A: The peer pressure is tremendous once you have reached this level. They expect each other to play the role that happens to be popular at that particular time. They are very clannish at this age. They are very apt to subject themselves to whatever is currently in the vogue. They are very forgetful. Their responsibility level drops that is not increased. They are not particular to details anymore. They are more apt to looking beyond what is going on right here. They are very concern with themselves and their self concepts. If they are not accepted by the peers it is a major tragedy here at this level where at the lower level you can deal with it within a classroom. Here they are subjected to in a core, they have four teachers each with different expectations along the lines of their academic teaching and they expect them to master it. There is very little flexibility so that when a student is really interested in mechanic or something in an elementary school you see teachers go off bringing the literature that deals with the subject that they are interested and teach the same English. That does not occur, I do not see it in the short time that I have been here at the middle school. It is all of none situation you either learn it all or you get none. Because students are socially conscious of their peers at this level, I am at a school that has no bells, we have run into a tremendous problem of socializing between that little period of time even when there is no movement. We see that a big majority of students all of a sudden who were very respectful to teachers are now very out spoken and very belligerent at times those same kids I had last year. Nothing has happened other than change of setting. Because they have answered to one teacher or two teachers for a period of time it is very hard for them to answer to six or seven teachers now in the course of one day. There is not that time in that fifty minutes that they are in Algebra, or in Social Studies, or Science, or Math or interact with the teacher. Our curriculum demands that we move rapidly and I am not sure that we are teaching anything new to start with. What we are finding skills that they should have. It lends me to think sometimes that if I went back and there was a gradual integration of student to the number of teachers they would see that there might create a better atmosphere by the time they reach the eighth grade of course time will tell through research and other schools tell us that it is true.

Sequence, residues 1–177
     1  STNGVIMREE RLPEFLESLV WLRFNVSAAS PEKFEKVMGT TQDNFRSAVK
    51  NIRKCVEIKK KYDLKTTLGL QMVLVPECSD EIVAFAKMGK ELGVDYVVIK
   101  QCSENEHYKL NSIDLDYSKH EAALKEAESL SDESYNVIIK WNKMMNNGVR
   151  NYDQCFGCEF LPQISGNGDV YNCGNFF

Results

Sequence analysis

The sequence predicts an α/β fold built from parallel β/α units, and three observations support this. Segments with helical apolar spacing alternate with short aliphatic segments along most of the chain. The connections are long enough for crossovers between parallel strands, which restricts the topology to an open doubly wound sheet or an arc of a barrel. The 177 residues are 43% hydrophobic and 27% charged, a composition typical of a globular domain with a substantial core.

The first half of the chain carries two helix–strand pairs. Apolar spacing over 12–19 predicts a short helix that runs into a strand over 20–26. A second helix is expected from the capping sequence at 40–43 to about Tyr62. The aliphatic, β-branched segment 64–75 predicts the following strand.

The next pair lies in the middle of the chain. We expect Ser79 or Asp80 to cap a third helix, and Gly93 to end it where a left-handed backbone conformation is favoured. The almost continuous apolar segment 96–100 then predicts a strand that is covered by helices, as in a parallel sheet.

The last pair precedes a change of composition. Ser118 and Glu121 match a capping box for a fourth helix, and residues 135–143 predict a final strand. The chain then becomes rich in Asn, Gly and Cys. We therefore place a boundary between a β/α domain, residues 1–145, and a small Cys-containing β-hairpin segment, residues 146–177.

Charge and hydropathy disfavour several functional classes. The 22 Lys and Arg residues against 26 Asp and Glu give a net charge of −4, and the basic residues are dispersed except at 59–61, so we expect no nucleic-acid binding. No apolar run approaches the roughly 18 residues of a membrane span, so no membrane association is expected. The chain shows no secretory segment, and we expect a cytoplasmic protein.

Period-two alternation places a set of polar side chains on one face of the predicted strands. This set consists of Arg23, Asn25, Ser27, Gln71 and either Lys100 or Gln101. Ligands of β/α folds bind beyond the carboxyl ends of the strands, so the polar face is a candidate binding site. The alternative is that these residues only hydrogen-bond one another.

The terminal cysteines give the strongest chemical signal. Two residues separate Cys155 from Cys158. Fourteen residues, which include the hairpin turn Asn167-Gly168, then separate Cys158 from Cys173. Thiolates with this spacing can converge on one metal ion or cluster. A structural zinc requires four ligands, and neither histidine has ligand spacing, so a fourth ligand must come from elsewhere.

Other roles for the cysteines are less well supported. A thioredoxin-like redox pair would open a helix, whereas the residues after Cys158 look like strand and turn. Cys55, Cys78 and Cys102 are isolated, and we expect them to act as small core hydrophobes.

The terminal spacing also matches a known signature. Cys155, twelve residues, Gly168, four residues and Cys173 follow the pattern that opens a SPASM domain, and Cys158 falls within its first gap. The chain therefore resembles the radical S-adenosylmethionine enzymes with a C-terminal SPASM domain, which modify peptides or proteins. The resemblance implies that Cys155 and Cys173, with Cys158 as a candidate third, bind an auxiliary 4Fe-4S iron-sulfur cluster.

Q: By the time they reach eighth grade are they pretty much able to handle the personalities?

A: Not if you trust it to them all at once. I think that if it was a gradual increase the eighth grade has got to be pivotal year. You are going to have to get them ready for high school and maybe we can do that by a different attitude toward how we group students and how they progress through that sixth, seventh, eighth grade. But I think that the eighth grade has got to be a pivotal year. There they have to be subjected to basically to what they are going to receive the next year. But if we do it a little more gradually I think probably we will see several things happen. One, I think we will see that student still need to identify with that one teacher that they have always or most cases have respected and looked upon as a mother substitute and we have got to wean them away from that kind of progressive manner and then there is always got to be some sections in the eight grade when they are still not ready and we have to carry that on into the ninth. There will be a small percentage that still cannot cope with all those personalities. I think we have got to make allowances for that. We started a program where we this past year took twelve or fifteen students and because they had been here for several years, tried to introduce them into I. E. P. program at the high school where they could be back with their peers. Expectations would be a little bit lower and they had three directions that they can go. Continue in I. E. P. diploma or attendance diploma or gradually work themselves out of it into the main stream for a regular diploma.